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DeKalb Commission candidate Randal Mangham: Liens, bills for $100K+ in unpaid taxes


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Randal Mangham

Randal Mangham

Dec 1, 2016 — Randal Mangham now says he misspoke when he recently disputed a question about more than $16,000 in ethics penalties and unpaid property taxes.

But those sums, courthouse and tax records show, are just a smidgen of the debts he’s run up since his election 16 years ago to the Georgia Legislature.

Mangham, a DeKalb County Commission candidate in a Dec. 6 runoff, is still working to pay off more than $800,000 in personal and business liabilities, records show.

Here’s the rundown:

  • The IRS imposed a $103,692 lien on Mangham in 2013 on taxes owed for 2004 through 2006. In a telephone interview, he indicated he’s paying off the debt. “I am current with my taxes,” he said whether he had a payment plan. “I do have an arrangement with the IRS.”
  • A second IRS lien for $50,958 remains on the books for Metropolitan Management Corp. of Tennessee, which owned a Knoxville, Tenn., radio station until its broadcast license expired in 2012. Mangham, who was the company’s president and owned a piece of it, would not directly answer when Atlanta Unfiltered asked whether the taxes had been paid. “That corporation no longer exists,” he said.
  • Some $4,383 in past-due property taxes are due on a southwest Atlanta home in which Mangham holds an interest. Thousands of dollars of unpaid taxes from earlier years were resolved when a tax-collection company bought up the liens, records show.
  • Another $19,559 bill on a nearby home has accumulated for eight years of back taxes and garbage collection fees. Mangham disclosed owning an interest in the home in 2008 and 2009, when about $8,400 of the unpaid charges date from. He told me his “security interest” in the home “extinguished” but could not recall when that occurred.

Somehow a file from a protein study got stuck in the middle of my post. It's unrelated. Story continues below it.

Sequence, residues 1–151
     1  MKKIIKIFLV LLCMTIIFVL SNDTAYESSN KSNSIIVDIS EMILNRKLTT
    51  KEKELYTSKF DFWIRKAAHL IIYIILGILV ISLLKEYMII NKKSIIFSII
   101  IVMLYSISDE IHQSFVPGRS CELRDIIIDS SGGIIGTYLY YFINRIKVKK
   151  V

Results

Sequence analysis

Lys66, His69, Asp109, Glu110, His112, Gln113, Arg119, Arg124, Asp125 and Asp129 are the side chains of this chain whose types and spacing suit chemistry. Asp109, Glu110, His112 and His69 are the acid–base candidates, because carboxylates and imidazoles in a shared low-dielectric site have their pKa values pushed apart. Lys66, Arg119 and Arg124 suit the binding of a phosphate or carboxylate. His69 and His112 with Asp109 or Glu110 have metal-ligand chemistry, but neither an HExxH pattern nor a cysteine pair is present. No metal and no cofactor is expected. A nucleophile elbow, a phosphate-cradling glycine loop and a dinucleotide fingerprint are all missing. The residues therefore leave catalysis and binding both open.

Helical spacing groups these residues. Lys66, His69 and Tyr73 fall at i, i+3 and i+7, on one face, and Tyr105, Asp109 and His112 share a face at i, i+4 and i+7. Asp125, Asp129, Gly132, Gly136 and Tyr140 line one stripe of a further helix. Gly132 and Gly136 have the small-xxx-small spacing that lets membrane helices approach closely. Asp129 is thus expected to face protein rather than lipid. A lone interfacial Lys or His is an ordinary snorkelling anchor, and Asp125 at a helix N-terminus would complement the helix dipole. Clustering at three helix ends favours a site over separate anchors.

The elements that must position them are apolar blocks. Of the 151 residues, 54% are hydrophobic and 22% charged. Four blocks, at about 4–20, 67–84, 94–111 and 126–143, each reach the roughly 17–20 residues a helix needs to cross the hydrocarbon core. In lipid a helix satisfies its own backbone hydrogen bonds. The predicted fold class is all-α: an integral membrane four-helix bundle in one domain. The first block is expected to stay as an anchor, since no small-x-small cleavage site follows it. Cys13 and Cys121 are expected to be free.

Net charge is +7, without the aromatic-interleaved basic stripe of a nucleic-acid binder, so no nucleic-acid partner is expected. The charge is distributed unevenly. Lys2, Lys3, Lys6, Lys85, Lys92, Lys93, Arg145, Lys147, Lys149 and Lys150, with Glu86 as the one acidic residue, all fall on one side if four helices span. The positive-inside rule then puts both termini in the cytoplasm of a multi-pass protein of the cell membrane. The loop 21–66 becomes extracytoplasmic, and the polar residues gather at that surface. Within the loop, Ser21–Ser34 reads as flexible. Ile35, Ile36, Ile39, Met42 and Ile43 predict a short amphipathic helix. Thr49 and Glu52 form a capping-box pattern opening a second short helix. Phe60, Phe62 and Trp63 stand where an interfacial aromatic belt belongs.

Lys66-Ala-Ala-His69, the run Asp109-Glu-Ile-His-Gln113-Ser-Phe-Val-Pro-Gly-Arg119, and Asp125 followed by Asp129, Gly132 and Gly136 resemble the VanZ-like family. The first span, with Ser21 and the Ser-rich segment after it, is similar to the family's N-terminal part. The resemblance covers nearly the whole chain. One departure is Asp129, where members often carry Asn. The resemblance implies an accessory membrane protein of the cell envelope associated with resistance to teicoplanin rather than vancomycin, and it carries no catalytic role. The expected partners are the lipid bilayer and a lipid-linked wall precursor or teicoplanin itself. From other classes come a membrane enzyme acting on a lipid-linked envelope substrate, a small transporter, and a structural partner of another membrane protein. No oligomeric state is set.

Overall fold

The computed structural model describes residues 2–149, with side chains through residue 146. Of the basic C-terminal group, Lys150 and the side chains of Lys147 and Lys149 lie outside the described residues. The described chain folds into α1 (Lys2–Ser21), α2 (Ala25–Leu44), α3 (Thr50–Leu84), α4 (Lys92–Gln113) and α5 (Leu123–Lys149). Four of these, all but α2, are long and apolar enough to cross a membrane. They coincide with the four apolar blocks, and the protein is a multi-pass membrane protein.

• A DeKalb County jury in 2009 awarded $625,000 to a former client of Mangham’s who sued him for malpractice. Court records show he paid the award in 2012 after filing an unsuccessful appeal.
  • In 2006, he paid more than $87,000 in past due Georgia income taxes after the state Department of Revenue filed a lien for money owed for two previous tax years.

Concerns about Mangham’s finances surfaced at an Oct. 10 candidate forum in a question posed by Jennifer Parker, editor of CrossRoads News. According to the newspaper’s report:

To a question about $11,337 tax and water liens on properties he owned in Atlanta in 2009, and a $5,000 fine for not filing his campaign disclosure forms, while a state representative, Mangham said he had already paid the taxes before the information hit the media in 2009.

“That episode was a political message from my political opponents in the legislature to keep me in line.” he said. “And secondly, there was no $5,000 fine. I don’t know where you got that information but that is incorrect.”

Mangham later backtracked, acknowledging he had signed a consent order with the State Ethics Commission and agreed to pay a $5,000 penalty, as Atlanta Unfiltered reported in 2009. The fine stemmed from Mangham’s failure to file several financial disclosures in 2006 and 2007.

In an interview Tuesday, Mangham said he misunderstood Parker’s question when he said the taxes had been paid. He said he thought she was asking about an article published around 2003 about unpaid taxes from earlier years.

In fact, Parker was asking about $11,337 in tax liens that Atlanta Unfiltered reported about in 2009. At least some of those liens were satisfied when they were sold to a private tax-collection company, records show.





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